The Gaming Community Is Pensive About Google Stadia for Good Reason
Have we learned nothing from the follies of other cloud-based streaming services? Have we not learned that internet infrastructure in the United States isn't up for the task with this sort of technology?
Maybe first impressions really do mean everything.
Putting a Dreamcast, a Power Glove, and a copy of the Atari's E.T. on display as "dream projects" to build hype before Google's Stadia reveal presentation didn't exactly instill confidence. It seemed more tone-deaf and misguided than anything, considering the histories of all three.
I'm not sure about you, but I wouldn't reveal a new hardware venture by comparing a new shiny toy to a console that saw the end of Sega's hardware division, a peripheral that failed on all fronts, and the game that stands as the poster child for the video game crash of '83.
My utter lack of enthusiasm for Google Stadia isn't just caused by the comparison to three failures (I am so sorry, Dreamcast), but how other cloud-based or in-home device game streaming is simply not up to snuff for most people outside of city centers. It's compounded by how Google has treated past failed projects.
The dream of being able to play every Stadia game on any device that is Google Chrome-compatible is enticing. Chrome is on almost everything these days. You probably have it on your computer, it's definitely on your phone if you use Android, and it's on plenty of smart TVs as well. It's easier to find a device that's compatible with Chrome than it is to find one that's not.
Considering Stadia, there are three questions anyone paying attention might have:
- Will their in-home internet connection be able to handle persistent cloud-based game streaming?
- Will there even be worthwhile games on the Stadia?
- Will Google even continue to support it if doesn't do as well as hoped?
The Internet Problem
The unfortunate reality is that most areas in the United States simply don't have the bandwidth to handle persistently streaming games off the lofty "cloud" without interruption.
It's easy to look at ISP data rates across the country and assume everyone has a connection of 80 Mbps or more, but the speeds people actually see in their homes is another story.
At the reveal, Google claimed the Stadia would be able to play games at up to 4K, 60fps when used with a 30 Mbps connection. It was also stated that if your connection is below 30 Mbps, the Stadia will output at a lower resolution, such at 1080p pulling 25Mbps.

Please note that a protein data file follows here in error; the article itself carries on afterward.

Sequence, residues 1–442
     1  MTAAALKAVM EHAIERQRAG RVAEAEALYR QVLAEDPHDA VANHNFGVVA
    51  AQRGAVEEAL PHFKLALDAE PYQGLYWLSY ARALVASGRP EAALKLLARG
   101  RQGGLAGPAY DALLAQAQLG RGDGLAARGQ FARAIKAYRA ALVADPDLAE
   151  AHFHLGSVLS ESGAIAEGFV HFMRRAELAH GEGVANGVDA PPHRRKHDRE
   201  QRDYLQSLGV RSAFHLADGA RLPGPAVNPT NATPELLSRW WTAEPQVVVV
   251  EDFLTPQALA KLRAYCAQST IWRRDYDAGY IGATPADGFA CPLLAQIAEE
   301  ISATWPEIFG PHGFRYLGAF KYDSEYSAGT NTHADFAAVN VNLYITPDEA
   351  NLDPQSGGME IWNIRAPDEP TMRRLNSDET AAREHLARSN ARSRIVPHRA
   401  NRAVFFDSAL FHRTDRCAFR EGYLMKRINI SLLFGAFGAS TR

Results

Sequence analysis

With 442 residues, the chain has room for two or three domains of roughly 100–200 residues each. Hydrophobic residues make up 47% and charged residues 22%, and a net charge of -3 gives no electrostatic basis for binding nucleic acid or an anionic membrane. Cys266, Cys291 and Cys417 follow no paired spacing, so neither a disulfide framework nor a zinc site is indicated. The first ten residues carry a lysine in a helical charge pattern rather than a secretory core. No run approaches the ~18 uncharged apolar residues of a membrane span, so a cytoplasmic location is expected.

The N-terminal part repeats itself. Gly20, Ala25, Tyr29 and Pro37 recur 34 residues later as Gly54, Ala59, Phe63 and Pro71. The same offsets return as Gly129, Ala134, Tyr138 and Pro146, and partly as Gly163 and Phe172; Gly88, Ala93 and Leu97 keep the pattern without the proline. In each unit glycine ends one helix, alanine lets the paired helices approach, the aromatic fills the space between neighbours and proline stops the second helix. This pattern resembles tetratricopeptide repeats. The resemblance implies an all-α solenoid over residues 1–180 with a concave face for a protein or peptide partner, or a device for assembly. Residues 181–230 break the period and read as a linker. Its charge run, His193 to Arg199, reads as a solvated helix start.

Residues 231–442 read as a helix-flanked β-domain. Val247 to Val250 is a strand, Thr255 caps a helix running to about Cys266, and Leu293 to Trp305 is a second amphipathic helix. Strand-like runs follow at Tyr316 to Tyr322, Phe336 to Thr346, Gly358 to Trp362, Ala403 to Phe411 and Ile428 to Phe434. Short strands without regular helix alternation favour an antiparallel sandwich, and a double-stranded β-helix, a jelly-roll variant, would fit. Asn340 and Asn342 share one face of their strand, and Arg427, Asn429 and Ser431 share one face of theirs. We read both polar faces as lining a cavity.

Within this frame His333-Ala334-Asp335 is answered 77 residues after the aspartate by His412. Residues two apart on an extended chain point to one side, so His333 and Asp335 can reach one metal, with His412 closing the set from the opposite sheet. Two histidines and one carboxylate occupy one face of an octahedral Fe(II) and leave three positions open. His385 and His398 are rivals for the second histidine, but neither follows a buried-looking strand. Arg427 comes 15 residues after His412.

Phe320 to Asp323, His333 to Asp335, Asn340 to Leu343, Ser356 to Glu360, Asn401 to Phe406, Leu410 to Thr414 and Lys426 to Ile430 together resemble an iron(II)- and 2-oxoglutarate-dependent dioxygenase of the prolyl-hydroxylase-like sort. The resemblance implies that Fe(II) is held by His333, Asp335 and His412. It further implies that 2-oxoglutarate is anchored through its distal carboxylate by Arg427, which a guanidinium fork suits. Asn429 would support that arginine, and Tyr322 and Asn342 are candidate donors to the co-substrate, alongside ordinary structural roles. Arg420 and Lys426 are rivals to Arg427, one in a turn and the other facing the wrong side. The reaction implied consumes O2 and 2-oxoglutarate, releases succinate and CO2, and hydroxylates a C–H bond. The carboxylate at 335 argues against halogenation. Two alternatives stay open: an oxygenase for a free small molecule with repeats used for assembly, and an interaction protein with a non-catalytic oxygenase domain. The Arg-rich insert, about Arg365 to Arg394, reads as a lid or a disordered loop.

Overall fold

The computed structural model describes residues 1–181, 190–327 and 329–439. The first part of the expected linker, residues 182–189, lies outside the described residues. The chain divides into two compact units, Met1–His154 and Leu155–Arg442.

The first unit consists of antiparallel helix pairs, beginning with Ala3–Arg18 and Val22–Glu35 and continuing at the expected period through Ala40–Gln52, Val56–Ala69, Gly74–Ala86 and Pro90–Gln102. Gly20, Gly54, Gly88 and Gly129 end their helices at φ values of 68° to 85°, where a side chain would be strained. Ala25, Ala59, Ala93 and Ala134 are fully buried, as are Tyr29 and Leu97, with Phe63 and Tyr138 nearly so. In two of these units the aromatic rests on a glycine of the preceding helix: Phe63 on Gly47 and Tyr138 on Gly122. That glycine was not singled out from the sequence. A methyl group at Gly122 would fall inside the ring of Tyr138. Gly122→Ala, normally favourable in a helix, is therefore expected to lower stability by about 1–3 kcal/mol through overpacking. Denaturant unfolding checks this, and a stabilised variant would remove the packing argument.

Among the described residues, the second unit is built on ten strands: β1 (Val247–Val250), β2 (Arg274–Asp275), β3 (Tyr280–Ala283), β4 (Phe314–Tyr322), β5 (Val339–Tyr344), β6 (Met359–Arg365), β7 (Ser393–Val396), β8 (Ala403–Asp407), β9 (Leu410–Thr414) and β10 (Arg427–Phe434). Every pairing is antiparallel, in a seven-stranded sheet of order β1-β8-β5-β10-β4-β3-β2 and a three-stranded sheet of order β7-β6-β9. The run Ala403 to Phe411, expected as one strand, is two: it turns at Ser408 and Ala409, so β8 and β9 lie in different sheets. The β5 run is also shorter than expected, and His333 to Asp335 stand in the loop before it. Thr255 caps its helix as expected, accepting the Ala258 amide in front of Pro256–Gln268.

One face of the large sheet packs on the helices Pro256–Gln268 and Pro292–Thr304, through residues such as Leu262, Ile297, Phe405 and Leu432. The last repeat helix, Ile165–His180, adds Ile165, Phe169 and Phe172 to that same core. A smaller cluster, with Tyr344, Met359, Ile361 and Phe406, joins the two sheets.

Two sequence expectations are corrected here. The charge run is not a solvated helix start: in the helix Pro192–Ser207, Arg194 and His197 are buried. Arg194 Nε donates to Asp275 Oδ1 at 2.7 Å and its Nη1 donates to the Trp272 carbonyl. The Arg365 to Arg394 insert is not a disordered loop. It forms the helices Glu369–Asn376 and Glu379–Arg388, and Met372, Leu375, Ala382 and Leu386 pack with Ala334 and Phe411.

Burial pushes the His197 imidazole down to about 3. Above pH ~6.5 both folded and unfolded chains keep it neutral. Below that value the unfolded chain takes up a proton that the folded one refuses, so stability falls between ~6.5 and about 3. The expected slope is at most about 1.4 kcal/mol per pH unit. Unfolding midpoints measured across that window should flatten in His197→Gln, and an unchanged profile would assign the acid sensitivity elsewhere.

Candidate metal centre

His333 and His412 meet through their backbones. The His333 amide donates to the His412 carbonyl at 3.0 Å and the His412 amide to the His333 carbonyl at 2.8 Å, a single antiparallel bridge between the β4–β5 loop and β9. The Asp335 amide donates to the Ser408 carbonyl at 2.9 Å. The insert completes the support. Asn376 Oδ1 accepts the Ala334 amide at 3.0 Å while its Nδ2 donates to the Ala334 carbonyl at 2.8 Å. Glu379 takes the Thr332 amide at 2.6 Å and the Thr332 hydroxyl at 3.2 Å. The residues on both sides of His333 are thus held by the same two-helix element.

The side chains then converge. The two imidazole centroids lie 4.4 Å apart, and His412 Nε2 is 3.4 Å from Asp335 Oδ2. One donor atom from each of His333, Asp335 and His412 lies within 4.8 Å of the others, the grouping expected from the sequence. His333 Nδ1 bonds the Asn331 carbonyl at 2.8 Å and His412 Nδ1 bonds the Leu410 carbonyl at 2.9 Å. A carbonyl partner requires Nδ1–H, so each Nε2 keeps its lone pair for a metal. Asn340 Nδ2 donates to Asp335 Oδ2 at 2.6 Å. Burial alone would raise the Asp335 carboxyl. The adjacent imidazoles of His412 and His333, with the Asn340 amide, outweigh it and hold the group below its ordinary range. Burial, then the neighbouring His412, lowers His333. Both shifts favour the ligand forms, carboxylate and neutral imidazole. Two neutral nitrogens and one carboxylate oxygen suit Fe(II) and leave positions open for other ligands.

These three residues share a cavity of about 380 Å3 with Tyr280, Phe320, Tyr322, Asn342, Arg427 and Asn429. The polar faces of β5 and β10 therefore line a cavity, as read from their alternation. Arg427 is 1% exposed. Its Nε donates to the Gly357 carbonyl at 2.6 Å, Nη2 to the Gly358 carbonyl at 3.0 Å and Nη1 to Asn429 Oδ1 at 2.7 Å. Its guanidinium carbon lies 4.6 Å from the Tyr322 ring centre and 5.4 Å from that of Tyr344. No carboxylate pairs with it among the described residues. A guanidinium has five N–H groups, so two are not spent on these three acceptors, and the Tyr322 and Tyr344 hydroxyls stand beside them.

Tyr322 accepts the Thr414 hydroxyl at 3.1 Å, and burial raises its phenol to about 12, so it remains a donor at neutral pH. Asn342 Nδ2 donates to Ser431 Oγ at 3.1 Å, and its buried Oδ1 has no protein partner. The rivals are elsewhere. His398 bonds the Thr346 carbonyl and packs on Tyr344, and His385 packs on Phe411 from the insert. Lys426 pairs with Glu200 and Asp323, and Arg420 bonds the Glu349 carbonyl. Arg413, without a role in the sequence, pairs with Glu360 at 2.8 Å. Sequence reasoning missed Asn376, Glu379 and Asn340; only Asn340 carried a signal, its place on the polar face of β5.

Anyone who has used any of the current cloud streaming services has good reason to be wary of this claim, considering how the current offerings handle dips in internet speeds or just poor connections in general.
I myself subscribe to PlayStation Now and have used it on and off for a while. There is a reason the service now allows subscribers to download PlayStation 4 and PlayStation 2 games directly to the console. That reason is latency.
You may have used Now, maybe not. Maybe you've used another cloud-based streaming service, maybe not. But one thing is for sure: the troubles are the same for anyone who uses one with a sub-par internet connection in any case.
Though not streaming from a cloud, Steam Link owners have similar experiences despite streaming between devices within their own homes. It recommends you use a wired connection for a reason.
Latency spikes can and often do cause significant input delays and video artifacting. While artifacting is one thing that doesn't bother me too much when using cloud-based streaming services, input lag is a real killer. Nothing kills your gameplay session harder or faster than a hefty dose of input lag keeping you from pew pewing on time.
Google has touched on how it will handle infrastructure on their end, but how that will affect the end user is still yet to be seen. It's only natural for the consumer to question how well this sort of service will work, particularly when given minimal information about its net protocol.
You would think that's an important enough part of the device and service that Google would address the topic head-on as soon as it was announced.